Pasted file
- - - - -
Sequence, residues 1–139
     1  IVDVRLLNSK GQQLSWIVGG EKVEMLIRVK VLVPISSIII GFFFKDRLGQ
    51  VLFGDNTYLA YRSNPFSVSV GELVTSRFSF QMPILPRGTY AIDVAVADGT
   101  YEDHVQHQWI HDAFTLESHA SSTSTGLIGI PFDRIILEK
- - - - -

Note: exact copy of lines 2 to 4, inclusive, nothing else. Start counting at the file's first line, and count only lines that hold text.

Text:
     1  IVDVRLLNSK GQQLSWIVGG EKVEMLIRVK VLVPISSIII GFFFKDRLGQ
    51  VLFGDNTYLA YRSNPFSVSV GELVTSRFSF QMPILPRGTY AIDVAVADGT
   101  YEDHVQHQWI HDAFTLESHA SSTSTGLIGI PFDRIILEK